taking a walk in india: photos | stories | essays

28 June 2011

Ghalib Kebab Corner



Ghalib Kebab Corner in Nizamuddin is several decades old. Ghalib's strength is kebab and tikka. For a restaurant barely larger than a living room, the fan following is enormous. It used to be the favourite haunt of nocturnal hostel students of Delhi Public School, Mathura Road, a kilometre away from Nizamuddin. They would quietly scale the school wall late at night and run to Ghalib. Even the vegetarians would accompany their carnivorous friends to sample roomali rotis dipped in green chutney.

Some people may not like the surroundings, and hygiene is definitely an issue. Despite the drawbacks, this small restaurant has survived four decades, and even won the title of 'best kebab-maker' in a food festival organised by five-star hotel ITC Maurya Sheraton.

Haneef Qureshi, 64, has run the restaurant since the time it opened. He was young then. He has taken up no other work. He had gone on leave during this visit, while the cook managed the affairs. Haneef is recognised among regulars as "the old man with the loud voice". You, too, will notice that if you went to Ghalib.




Shop No. 57, near Lal Mahal, Ghalib Road, Nizamuddin, New Delhi. Open noon to midnight.

16 June 2011

Indian Coffee House, MG Road


Indian Coffee House on MG Road was where staffers of the next door Deccan Herald newspaper used to go every evening, not to eat toast or dose, but to enjoy a good Gold Flake or a Navy Cut.

It was shut down in April 2009, and was shifted to Church Street, behind MG Road.


There was a cigarette shop outside the old Indian Coffee House (it might still be there). The cigarette man decided to play humour to customers who light up. In the background one can also see a Bangalore metro pillar in the initial stage of the project.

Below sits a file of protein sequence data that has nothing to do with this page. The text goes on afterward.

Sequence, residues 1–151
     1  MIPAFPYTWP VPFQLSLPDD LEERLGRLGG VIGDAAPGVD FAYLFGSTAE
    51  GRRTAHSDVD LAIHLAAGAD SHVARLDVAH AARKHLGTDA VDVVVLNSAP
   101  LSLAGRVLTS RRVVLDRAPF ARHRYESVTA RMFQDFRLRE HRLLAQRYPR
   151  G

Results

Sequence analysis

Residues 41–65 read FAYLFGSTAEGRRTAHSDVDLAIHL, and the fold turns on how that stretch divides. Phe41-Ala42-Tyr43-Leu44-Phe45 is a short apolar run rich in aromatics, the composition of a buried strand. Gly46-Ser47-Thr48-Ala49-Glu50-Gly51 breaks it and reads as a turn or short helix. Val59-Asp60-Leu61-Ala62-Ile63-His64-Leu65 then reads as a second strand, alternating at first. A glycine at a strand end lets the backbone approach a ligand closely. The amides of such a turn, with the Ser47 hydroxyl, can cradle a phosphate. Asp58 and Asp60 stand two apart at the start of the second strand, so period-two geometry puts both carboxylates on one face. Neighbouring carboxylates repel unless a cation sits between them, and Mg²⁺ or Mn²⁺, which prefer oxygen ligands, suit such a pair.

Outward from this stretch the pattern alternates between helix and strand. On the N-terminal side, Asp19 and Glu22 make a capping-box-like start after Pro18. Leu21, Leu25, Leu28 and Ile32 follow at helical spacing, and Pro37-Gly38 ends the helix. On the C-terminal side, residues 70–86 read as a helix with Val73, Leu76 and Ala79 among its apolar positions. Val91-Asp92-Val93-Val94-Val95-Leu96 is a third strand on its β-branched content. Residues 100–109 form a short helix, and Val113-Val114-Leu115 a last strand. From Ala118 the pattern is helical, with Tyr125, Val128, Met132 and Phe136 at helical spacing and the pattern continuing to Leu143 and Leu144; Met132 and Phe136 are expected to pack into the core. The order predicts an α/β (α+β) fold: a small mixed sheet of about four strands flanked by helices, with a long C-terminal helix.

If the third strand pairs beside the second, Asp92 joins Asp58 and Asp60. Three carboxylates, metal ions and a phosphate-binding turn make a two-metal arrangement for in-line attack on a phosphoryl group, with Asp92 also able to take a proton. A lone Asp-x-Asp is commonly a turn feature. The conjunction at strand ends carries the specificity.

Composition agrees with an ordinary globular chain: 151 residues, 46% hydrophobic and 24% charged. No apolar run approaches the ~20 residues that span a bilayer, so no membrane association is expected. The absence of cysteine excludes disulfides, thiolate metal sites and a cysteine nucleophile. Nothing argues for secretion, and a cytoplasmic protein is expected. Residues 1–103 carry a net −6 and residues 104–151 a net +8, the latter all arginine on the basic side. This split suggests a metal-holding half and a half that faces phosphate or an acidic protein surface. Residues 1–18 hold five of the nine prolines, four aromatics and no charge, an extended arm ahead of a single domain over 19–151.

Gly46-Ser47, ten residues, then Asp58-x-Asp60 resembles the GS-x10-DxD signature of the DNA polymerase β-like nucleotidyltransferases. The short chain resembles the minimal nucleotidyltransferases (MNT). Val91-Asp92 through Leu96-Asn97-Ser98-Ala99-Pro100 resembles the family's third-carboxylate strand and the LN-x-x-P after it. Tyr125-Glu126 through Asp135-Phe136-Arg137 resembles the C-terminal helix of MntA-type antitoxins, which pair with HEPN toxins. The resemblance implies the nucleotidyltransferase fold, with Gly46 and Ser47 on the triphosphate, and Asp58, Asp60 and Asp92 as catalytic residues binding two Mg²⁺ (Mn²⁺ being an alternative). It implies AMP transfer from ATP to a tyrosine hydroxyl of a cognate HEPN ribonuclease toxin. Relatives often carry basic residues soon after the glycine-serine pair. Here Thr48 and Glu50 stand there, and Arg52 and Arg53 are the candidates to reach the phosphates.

Also read : 'Coffee minus the smoke' in the discontinued short takes column Salt and Pepper in the Times of India, Bangalore.

(Photo shot with a cellphone camera in 2007)

11 June 2011

The only choice we get is what to worship




"In the day-to-day trenches of adult life, there is no such thing as atheism. There is no such thing as not worshipping. Everybody worships. The only choice we get is what to worship. And an outstanding reason for choosing some sort of god or spiritual-type thing to worship—be it JC or Allah, be it Yahweh or the Wiccan mother-goddess or the four noble truths or some infrangible set of ethical principles—is that pretty much anything else you worship will eat you alive." David Foster Wallace.

8 June 2011

Service centre of a different kind


Jostling for space at a market complex and flanked on both sides by the swanky glass windows of Kotak Mahindra Bank, Nirula's restaurant and an Airtel office, is an unnamed cycle-rickshaw repair shop.  



The shop has aptly advertised itself, so much so that any rickshaw-wala will instantly know it is the place to be when the chains come undone or the tyres squeal. Yusuf Sarai, New Delhi.

picks

take a walk

about

Journalist. Taking a walk in India. | Email to journeybasket[at]gmail | Special thanks to M.S. Gopal | All rights reserved. No commercial use.

people

subscribe to journey basket feed

Enter your email address:

Delivered by FeedBurner

on facebook

Instagram